Assembling the Doors to the Skin using
Roobart Hinges driven by a Mini Servo
There was allot of work to manage this. Not only I had to pour resin mounting blocks to hold the servo I also had to modify the Roobart hinges to achieve my goal. I had it all in my mind but didn't know if it all would fit.
I was searching for another way to open the doors because of the lost in strength servos have when using the classic rods. When I could align the center of the servo with the center of the hinge, there would be no lost in strength.
Unfortunately this (new) way of opening doors can only be used in the body, and with Roobart hinges. Not in the Dome, not with McMaster hinges…
Challenge I: before I really could start with this project I had to be sure I could reproduce the servo axe adapter. I bought some mini servo's and cut of the arms from one of the accessories.
Cut Arm
I managed to create an item witch I had in mind to make a mould from. The black part is the modified servo arm, the yellow part is a inside piece of a ballpoint pen. It was a perfect fit.
I used a lathe to drill right trough the resin duplicate from the above picture. Made it a little shorter, and tapped right trough with an M3 tap. The treated rod is screwed in and glued with a JB-weld kinda compound.
So far so good. This was pretty easy. I had a device witch fit on a mini servo on one side and had an axe to turn the hinge on the other side.
Challenge II: I always liked the double hinge look on the large body doors. This personal preference made me come up with the next idea. I could glue two hinges together with a shaft. If I could lock that shaft on the axe from the above picture, the hinge will turn when the servomotor turns …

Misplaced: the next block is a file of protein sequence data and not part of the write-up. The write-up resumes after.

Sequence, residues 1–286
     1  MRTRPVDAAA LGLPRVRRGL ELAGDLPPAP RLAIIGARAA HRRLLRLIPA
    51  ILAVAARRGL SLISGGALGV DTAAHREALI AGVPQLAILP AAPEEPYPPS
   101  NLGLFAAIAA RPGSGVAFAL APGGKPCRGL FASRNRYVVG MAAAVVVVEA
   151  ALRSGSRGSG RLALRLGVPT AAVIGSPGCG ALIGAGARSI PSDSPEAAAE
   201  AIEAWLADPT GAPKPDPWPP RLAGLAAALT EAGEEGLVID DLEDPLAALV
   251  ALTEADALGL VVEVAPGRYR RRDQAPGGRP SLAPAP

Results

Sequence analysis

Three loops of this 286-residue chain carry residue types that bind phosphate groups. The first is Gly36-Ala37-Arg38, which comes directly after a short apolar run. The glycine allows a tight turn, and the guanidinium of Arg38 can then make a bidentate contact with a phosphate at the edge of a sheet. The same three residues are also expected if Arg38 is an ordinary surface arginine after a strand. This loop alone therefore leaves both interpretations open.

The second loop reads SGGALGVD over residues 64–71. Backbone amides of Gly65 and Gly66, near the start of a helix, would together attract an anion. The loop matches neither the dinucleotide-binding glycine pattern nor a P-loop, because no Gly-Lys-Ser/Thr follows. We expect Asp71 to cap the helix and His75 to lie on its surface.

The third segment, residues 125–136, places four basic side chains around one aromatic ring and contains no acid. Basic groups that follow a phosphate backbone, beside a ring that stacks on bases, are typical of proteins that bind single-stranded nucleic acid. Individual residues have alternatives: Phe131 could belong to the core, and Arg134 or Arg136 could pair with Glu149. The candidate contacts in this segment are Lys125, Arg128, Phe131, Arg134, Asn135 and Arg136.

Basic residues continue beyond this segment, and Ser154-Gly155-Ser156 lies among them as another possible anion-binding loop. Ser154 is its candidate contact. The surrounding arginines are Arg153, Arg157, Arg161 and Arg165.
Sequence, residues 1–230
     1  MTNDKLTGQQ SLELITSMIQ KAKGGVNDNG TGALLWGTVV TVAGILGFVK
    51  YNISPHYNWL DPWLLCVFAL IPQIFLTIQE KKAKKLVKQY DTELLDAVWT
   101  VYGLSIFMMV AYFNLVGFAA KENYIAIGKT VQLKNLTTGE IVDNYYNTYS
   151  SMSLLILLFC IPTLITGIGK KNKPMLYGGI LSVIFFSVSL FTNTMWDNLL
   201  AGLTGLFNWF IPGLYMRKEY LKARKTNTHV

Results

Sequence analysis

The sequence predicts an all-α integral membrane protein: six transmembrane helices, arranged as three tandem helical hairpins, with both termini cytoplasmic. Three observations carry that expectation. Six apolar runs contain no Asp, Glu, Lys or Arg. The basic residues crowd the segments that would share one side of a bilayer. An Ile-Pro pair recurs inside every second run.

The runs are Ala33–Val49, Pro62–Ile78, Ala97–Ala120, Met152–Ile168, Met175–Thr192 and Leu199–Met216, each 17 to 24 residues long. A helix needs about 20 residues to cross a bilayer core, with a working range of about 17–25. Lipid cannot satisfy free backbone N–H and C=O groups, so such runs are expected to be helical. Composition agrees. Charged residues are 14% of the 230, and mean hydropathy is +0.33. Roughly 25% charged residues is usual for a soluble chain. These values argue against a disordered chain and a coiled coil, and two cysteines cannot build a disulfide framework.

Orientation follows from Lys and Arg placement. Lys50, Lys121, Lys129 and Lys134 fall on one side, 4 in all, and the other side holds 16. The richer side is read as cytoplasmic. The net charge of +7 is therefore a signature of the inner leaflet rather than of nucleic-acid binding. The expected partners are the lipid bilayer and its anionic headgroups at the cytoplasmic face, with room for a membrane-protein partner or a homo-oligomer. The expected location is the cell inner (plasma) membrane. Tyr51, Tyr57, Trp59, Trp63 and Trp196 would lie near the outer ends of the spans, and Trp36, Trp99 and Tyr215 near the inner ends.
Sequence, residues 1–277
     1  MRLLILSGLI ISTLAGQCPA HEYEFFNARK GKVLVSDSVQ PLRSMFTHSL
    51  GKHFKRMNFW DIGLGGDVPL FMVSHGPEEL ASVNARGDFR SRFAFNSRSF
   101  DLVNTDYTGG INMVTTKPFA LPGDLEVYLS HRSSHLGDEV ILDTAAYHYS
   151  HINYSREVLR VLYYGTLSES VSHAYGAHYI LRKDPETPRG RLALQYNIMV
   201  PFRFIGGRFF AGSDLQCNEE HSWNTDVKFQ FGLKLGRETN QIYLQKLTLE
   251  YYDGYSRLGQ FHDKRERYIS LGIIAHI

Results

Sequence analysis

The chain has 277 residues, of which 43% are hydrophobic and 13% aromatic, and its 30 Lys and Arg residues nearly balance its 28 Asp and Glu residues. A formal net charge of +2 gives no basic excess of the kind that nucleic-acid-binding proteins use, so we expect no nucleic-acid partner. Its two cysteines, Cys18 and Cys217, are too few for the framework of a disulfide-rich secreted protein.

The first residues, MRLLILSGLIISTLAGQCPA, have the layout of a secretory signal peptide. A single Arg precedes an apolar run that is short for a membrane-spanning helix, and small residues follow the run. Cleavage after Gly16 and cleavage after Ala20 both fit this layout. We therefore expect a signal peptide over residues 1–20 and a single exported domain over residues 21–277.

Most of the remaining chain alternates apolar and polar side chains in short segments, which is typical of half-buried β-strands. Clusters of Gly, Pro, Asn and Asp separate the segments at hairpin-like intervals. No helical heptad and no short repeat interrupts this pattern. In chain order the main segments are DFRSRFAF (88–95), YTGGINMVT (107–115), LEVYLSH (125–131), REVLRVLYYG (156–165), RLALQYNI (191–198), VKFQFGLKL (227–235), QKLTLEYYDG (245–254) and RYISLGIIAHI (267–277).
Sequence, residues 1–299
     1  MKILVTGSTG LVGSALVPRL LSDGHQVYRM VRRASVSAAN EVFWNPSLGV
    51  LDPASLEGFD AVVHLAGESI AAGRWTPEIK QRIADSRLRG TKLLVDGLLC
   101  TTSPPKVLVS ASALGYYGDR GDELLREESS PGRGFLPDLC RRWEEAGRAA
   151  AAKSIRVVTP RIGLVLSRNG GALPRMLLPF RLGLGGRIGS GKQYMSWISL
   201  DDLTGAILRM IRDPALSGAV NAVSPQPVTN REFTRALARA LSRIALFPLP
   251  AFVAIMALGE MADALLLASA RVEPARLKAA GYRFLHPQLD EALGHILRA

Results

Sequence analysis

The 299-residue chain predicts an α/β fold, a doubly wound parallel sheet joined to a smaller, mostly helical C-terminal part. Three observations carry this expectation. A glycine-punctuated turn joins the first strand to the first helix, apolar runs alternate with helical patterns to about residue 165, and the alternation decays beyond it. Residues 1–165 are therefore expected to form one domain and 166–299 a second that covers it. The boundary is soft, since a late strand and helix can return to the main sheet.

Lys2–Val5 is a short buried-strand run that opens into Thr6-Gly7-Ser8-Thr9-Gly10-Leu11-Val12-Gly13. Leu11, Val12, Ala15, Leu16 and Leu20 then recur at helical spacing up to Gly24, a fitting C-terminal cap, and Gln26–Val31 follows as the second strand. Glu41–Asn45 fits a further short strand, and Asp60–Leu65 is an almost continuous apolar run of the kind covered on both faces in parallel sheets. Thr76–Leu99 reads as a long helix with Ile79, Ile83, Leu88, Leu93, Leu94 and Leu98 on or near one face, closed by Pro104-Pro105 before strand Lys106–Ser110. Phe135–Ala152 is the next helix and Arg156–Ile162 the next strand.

Modified the Roobart hinges to “Club Spec”.
Club Spec
When the double hinge was ready I glued them to the skin. This picture shows another double hinge but without the resin adapter. Its because this is the lower (double) hinge. It doesn't need a servo.
I'm not this glue type of guy, but in this case gluing is the best option. While gluing you might have to shift the hinge to correct the alignment with the skins border: very difficult when you just drilled a hole right trough your shiny R2 Skins.
Make sure the turnable piece is aligned, don't mind the alignment of the glued piece.
Time to glue the door to the pivoting part of the hinges. Make sure you align the door with the outer skin: the part witch is visible. Don't align with the borders on the inner skin, it looks easier because you are gluing on the inside. But the result is very disappointing… Ask me how I know.
The last and the most difficult part is to mount de servo in a proper way so he can be removed when necessary (so no glue here). With the hinge construction the only way to mount/demount is from the top. I had to bring up my moulding skills(?) again. I'm not gonna type the whole construction process (boring) but the next picture shows you some.
As you can see I have a large and a short mounting block. The servo is hold in it's place by the two side screws and the pin from the block itself. The other holes are meant to mount the block to the inner skin.
Something like this. I have another mounting block set it's a mirror from this setup to control R2's left large recessed door.
Ouch! Miscalculation: The shoulder mounting block (Frame) is a little to wide to mount the small servo mounting block.
Therefore I've sanded the little mounting block in a shape so it will fit between the frame and the skin.
This is my solution for the small front door. I will cut away some Tec7 afterwards to give it a cleaner look.
I filled off some of the hinge axe. This is where the latch will come. This way the latch will stay in place better. I might drill it in the future if possible…
For a working example, see this video




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